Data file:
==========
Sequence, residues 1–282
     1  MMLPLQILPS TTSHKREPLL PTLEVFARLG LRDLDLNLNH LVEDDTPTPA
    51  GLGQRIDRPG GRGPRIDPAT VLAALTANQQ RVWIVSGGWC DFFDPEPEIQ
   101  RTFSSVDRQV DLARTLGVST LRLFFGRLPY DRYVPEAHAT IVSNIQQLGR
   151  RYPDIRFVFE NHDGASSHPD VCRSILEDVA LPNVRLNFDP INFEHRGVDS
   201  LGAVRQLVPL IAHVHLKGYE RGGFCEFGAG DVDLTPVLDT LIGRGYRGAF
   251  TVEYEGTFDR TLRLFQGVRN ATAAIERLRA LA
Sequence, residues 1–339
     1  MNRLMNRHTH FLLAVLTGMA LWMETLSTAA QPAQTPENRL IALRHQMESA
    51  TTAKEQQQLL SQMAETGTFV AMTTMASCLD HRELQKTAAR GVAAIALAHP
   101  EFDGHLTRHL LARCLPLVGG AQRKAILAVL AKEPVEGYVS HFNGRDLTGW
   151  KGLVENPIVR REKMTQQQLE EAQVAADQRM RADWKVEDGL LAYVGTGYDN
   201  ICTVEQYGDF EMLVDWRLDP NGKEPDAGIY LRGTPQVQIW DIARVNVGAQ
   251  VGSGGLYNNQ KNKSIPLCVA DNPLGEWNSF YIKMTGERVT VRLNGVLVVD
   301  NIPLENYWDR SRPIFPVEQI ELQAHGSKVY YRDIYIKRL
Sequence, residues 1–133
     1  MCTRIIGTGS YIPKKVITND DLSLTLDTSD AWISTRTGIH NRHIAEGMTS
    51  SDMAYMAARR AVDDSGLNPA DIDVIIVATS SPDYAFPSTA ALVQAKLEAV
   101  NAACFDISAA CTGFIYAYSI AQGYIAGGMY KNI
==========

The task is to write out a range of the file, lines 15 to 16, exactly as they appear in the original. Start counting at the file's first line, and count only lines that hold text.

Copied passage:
   301  NIPLENYWDR SRPIFPVEQI ELQAHGSKVY YRDIYIKRL
Sequence, residues 1–133